Should You Pursue A CIPD Qualification?

7 Minutes

This article first appeared in HR ZoneLast spring I completed my Level 7 CIPD qualification....

This article first appeared in HR Zone

Last spring I completed my Level 7 CIPD qualification. Admittedly, I pursued it because my manager at the time strongly suggested that I did, however during the course I fell pregnant and while I took some time off when my son was born, I then returned to my studies balancing three things – a job, a family and study. It does consume a lot of time, so I was relieved when it was over. Yet I found it surprisingly worthwhile to do in ways I didn’t expect.

I recently caught up with some of my classmates from the program to discuss what their take on the program was – why they did it, and whether it lived up to expectations. Many people pursue CIPD qualifications to advance their careers and broaden their HR outlook.

Terence Vieyra, Vice President People and Culture at Kobalt Music Group didn’t find the CIPD level 5 was enough for him have the confidence he needed to advise business leaders on a strategic level. The level 7 qualification gave him the boost he needed to be promoted to HR director.

Steve Othen, Head of HR & Projects at the Recruitment & Employment Confederation toyed with the idea of doing an MBA but decided that if he was serious about specialising in HR then he should go down the professional body route. While he went straight to the Level 7, he would advise others to start at a lower level and work up towards the level 7. He believes it’s great for the CV, the networking opportunities and the confidence you gain from it. The networking opportunities was something everyone agreed was one of the benefits of completing the program.

Alicia Medlicott, Senior People and Talent Manager at Arbor Education Partners Ltd wanted to get more involved in the HR scene when she decided to pursue to Level 7 qualification. She found it harder than expected, however, and had to reach out to a lot of HR people to bounce ideas with for her assignments. She found it really opened her mind and taught her things she had not come across before in her HR career, helping her be more objective in her work. It didn’t have the inroads she hoped it would to land her a new job, something which for many was why they pursued the qualification in the first place.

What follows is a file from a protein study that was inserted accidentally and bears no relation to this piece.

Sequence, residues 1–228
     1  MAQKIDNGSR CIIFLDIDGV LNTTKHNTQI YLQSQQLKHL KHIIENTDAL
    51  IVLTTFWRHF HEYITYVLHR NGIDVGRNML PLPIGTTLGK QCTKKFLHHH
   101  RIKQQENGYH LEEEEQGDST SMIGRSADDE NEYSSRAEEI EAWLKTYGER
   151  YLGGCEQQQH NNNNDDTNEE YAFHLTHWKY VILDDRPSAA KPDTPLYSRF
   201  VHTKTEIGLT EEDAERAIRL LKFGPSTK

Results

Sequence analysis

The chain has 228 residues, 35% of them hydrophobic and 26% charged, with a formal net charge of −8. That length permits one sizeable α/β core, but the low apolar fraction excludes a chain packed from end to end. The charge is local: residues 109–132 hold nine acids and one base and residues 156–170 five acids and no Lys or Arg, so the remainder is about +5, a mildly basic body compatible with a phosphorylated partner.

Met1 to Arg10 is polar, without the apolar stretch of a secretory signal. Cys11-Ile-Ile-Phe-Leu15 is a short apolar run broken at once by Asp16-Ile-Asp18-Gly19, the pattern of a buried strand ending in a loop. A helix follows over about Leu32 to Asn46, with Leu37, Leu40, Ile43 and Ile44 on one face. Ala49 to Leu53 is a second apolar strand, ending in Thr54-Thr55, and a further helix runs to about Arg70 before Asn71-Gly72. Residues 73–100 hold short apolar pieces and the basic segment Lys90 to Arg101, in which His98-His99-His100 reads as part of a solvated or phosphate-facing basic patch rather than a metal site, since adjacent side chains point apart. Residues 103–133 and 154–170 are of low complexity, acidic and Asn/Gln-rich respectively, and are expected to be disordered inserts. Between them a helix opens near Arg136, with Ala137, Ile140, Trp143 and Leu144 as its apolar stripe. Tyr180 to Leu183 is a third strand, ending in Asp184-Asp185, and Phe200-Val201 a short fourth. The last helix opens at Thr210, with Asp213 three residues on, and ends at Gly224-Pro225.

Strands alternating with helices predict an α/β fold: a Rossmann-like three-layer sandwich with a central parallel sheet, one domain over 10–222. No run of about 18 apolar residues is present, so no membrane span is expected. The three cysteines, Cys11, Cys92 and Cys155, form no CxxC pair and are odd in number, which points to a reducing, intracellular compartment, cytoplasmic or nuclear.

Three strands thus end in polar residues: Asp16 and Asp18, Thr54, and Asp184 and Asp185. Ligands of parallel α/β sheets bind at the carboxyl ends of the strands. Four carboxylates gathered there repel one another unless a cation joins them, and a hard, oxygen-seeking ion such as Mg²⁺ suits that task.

Aisling O’Reilly, HRPB at Fortius Clinic found it hard to discern if she would have gotten her current job without the letters as there was no mention of CIPD during the recruitment process.

What we all agreed on, however, was that pursuing the qualification enlarged everyone’s HR networks, which can be enormously beneficial when pursuing new opportunities. While nothing can replace work experience when applying for a new role, having a CIPD qualification under your belt does give you more enriched work experience and more to talk about in an interview.

CIPD studies among HR professionals is definitely a rite of passage. Most have either been through it, are going through it or plan to do it. My classmates generally recommended pursuing a course that included at least some form of in-person classroom learning because of the networking benefits. I would recommend it as a great way to connect with your peers within the HR industry, and while you may not find an instant spike in career opportunities, in the long-term it gives you the skills and confidence to give your career a boost.

For me, it opened my eyes to other ways of doing things in HR, for while I had gained a lot of HR knowledge, it was limited to the perspective of the one company I had been working with for eight years. In my CIPD course, I gained exposure to other approaches to HR from many different industries including the public sector, retail and law, learning about things that much bigger companies did such as assessment centres and 360 performance reviews.